1. Overview of Genetics
Hippocrates 400 B.C.
(Greek Physician) first put forth an explanation for the idea of
Suggested seeds were
produced by different parts of the body and passed on to offspring at
Further hypothesized that
these seeds caused certain traits of the offspring to resemble their
Pangenesis was accepted by
some for 2000 years until the 17th century.
Microscopes led to the
visualization of sperm.
Many thought they could see
tiny little people in the sperm termed homunculus (little man).
This homunculus was thought
to be a little person waiting to grow in the mothers womb.
Maternal influences on
traits were thought to occur in the womb.
However, the ovists thought the egg was totally responsible and the sperm just signaled growth to begin.
Mendels insight into
inheritance was extremely important.
Darwins understanding of
species and its relationship to its environment was also instrumental in
changing the perception of genetics.
Finally in the 20th
century Mendels work was rediscovered and work was being done into the
molecular basis for genetics.
1903 Sutton and Boveri propose chromosomal theory of inheritance.
Not until 1940 that
scientists showed that the genetic material was deoxyribonucleic acid
1950s Watson and Crick
propose structure for DNA.
Relationship between Genes
Genetics deals with
heredity and variation.
Genetics to a large extent
is the study of genes.
A gene is described as a
unit of heredity.
Genes can often be
described by how they affect traits, the characteristics of an organism.
In humans we discuss genes
that affect hair and eye color or their involvement in disease.
Ex: Sickle cell anemia,
Amyotrophic lateral sclerosis (ALS) or cancer.
Ongoing theme of this
class will be the relationship between genes and traits.
Genes provide a blueprint for growth and development, however we will also examine the effect environment has as well.
Living things are composed
of four macromolecules:
proteins, carbohydrates and lipids.
of small molecules (ex: glucose) can provide the energy and starting
material for macromolecule anabolism.
Large cellular structures depend on interaction of these macromolecules which allows for the formation of these complex cells.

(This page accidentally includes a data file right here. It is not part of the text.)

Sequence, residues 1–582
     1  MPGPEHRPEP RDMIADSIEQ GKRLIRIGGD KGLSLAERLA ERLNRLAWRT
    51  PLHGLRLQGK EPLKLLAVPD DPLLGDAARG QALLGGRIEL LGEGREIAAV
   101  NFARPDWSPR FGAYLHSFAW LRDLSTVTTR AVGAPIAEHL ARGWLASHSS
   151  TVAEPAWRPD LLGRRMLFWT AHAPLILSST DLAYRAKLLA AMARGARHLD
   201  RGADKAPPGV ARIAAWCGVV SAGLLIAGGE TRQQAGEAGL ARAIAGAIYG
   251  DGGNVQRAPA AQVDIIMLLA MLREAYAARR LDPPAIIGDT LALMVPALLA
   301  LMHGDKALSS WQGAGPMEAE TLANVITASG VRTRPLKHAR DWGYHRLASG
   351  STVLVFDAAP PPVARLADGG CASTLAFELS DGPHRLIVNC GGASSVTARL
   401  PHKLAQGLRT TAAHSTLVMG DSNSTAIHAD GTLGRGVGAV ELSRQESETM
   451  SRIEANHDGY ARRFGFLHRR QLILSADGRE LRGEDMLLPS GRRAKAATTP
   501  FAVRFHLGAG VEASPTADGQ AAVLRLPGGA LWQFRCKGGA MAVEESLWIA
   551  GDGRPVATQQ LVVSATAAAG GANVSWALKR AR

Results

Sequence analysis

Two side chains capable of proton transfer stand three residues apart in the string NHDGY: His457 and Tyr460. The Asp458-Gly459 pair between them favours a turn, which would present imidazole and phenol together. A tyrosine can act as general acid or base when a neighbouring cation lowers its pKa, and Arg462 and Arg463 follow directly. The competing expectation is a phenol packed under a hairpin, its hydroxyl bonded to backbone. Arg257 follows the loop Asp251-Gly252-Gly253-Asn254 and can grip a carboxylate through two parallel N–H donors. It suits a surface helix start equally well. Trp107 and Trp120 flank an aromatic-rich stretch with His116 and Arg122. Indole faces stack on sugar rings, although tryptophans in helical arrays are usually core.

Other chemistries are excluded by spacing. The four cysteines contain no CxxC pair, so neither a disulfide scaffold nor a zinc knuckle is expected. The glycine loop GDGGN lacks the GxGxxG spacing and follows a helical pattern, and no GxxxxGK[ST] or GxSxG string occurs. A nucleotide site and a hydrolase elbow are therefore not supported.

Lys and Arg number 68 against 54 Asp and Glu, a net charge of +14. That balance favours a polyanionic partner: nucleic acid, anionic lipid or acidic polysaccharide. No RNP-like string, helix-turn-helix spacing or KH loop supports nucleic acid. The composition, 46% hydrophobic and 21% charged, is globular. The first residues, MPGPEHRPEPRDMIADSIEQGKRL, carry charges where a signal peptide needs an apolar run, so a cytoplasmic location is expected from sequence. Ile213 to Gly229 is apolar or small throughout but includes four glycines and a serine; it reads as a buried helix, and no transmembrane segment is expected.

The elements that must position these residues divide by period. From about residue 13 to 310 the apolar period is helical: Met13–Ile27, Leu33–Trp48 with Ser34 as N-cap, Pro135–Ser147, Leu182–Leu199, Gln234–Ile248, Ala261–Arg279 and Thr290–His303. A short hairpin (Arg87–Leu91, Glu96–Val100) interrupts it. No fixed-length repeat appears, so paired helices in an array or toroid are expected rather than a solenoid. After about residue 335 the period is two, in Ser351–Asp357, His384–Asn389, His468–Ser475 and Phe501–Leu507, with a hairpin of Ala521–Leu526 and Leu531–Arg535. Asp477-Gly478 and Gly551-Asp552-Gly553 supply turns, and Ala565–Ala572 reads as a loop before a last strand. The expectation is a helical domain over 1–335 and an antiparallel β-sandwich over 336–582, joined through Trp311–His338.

Cells contain many
proteins that are involved with cellular structure and function.
Ex: movement, cell shape,
protein sorting and ion
Of particular importance
chemical reactions within the cell.
Some are important in
Catabolic enzymes are
involved in breaking large molecules down to their constituents and for
Anabolic enzymes are involved in the synthesis of macromolecules.
DNA stores the information
for protein synthesis.
What does that statement
Nucleotides contain a
sugar a phosphate and one nitrogenous base.
Adenine, guanine, cytosine
DNA sequences store
The meaning of individual
sequences can be different.
ATGCGGGTTACTATGA has a
different meaning than ACTGGGTTCTAGATCC.
To understand this information you need the genetic code.
The genetic code is
read in three nucleotide groups called codons which specify amino
EX: ATG GGC CTT AGC is
methionine, glycine, leucine and serine.
Humans have 46 chromosomes
Each chromosome is an
extremely long piece of double stranded DNA that has over 100 million
The genetic information is
contained in small segments called genes.
A few thousand genes are found per chromosome.
Gene Expression is the
accessing of genetic information.
Gene expression is the
transcription and translation of a gene into a cellular protein.
Transcription is the
process of copying the genes DNA into ribonucleic acid (RNA).
The RNA is matured (mRNA)
and translated, with the help of the genetic code, in the cytoplasm into
tRNA and ribosomes are also necessary.
The relationship between
DNA and Protein sequence is important.
Gene Expression within
cells leads to outwardly visible traits.
A trait is a
characteristic an organism displays.
Often the focus is morphological
traits, those that affect organism appearance.
Ex: Flower color and plant height.